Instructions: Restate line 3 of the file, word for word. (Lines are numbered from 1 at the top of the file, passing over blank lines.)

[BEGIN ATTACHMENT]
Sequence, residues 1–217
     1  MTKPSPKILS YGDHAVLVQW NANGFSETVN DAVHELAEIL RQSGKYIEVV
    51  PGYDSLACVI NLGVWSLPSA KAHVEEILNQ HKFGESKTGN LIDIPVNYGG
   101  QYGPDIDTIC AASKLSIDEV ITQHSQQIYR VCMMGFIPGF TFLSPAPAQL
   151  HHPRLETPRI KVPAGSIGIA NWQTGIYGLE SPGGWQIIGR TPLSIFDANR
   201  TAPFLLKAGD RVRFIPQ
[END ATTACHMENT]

    51  PGYDSLACVI NLGVWSLPSA KAHVEEILNQ HKFGESKTGN LIDIPVNYGG